Jennifer Baltimore, deputy general counsel of Lincoln Center for the Performing Arts
Jennifer Baltimore, deputy general counsel of Lincoln Center for the Performing Arts

If you were the Walt Disney Co., and you saw thousands upon thousands of fan-created videos that featured your intellectual property cropping up on YouTube, would you crack down on those violations or would you “Let It Go?”

This type of conundrum illustrates an issue that copyright holders face in this era of pervasive digital technology. We’ve come a long way since the early days of Napster, but the same questions posed by that technology still plague copyright law today. Namely, will digital technology sap the value of my intellectual property?

“Law is becoming more accepting and open to technology,” says Jennifer Baltimore, deputy general counsel of Lincoln Center for the Performing Arts. “There seems to be more of a permissive trend with respect to technology.” Baltimore has almost 20 years of experience working with entertainment IP law, primarily working with the intersection of music and new media, having spent time at AOL, Universal Music Group and MySpace, and has seen the music industry go through challenging periods from the growth of Napster to the current propagation of online streaming services.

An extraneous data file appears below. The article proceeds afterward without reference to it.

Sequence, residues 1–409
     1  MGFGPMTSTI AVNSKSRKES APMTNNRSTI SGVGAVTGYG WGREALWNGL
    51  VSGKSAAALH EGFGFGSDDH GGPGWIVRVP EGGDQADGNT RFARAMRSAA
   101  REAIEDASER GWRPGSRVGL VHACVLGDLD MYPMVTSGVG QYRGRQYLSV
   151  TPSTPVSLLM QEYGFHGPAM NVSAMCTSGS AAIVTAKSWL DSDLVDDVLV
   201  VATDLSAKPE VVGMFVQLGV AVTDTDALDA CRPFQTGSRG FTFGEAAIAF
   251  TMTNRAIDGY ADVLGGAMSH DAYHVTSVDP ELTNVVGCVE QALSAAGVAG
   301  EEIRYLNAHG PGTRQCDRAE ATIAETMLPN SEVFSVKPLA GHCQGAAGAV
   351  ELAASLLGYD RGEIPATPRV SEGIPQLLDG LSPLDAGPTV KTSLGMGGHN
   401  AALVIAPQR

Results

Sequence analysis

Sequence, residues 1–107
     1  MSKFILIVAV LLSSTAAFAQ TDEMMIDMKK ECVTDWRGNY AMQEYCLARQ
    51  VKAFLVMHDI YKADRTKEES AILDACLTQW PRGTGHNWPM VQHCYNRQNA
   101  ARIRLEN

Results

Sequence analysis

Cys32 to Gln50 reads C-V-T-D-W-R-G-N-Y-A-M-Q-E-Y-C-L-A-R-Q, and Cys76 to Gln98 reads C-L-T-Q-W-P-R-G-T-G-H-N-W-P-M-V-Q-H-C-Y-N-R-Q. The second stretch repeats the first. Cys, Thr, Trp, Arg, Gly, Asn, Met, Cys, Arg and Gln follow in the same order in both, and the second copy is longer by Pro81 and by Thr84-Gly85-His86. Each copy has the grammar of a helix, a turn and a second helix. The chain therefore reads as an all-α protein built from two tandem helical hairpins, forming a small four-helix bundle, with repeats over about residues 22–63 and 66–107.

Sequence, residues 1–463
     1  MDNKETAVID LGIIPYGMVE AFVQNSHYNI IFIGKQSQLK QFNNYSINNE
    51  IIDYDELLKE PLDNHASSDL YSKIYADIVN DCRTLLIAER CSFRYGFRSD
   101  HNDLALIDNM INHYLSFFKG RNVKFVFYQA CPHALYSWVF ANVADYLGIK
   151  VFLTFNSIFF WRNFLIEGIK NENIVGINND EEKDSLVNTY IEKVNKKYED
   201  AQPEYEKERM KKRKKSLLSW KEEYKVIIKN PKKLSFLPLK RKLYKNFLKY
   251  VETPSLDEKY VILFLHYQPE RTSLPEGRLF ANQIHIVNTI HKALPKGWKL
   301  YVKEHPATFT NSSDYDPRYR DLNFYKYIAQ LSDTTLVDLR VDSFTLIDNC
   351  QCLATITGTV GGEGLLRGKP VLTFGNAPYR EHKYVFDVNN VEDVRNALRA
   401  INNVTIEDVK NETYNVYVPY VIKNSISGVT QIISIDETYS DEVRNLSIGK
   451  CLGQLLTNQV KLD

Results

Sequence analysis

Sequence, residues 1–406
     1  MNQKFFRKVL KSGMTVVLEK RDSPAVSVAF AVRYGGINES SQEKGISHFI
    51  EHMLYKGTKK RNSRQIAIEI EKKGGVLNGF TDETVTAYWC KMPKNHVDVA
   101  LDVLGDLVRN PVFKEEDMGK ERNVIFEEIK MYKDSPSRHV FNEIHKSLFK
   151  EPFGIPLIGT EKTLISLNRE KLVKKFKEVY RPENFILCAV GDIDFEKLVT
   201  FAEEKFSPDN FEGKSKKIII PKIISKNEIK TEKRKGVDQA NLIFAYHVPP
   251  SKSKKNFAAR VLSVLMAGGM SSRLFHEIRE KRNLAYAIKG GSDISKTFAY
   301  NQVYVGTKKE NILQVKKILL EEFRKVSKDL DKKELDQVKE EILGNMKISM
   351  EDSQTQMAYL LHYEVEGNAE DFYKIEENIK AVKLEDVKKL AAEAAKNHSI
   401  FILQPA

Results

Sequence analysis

“The proliferation of infringement in new technology arenas, new platforms and technologies is increasing over time,” explains Rhonda R. Trotter, partner and co-head of the trademark, copyright and false advertising group and office managing partner in the Los Angeles office of Kaye Scholer. “Now we’re at a point, 15 years post-Napster, where consumers of IP content are accustomed to being able to obtain access to the content for free in many instances and quite easily. This presents a challenge for owners of IP in terms of what extent and what means they use to try and maintain the value while at the same time balancing that against the interest of making sure they don’t perturb consumers that are the base for their commercial success.”

Resistance is futile

Any breakthrough in communication technology brings with it apprehension from existing stakeholders. Monks were concerned that the printing press would eliminate the need for their manuscript copying skills and, more recently, movie studios were afraid the newfangled invention called television would drive them to bankruptcy. The same skepticism held true for copyright owners when they looked into the future of digital technology.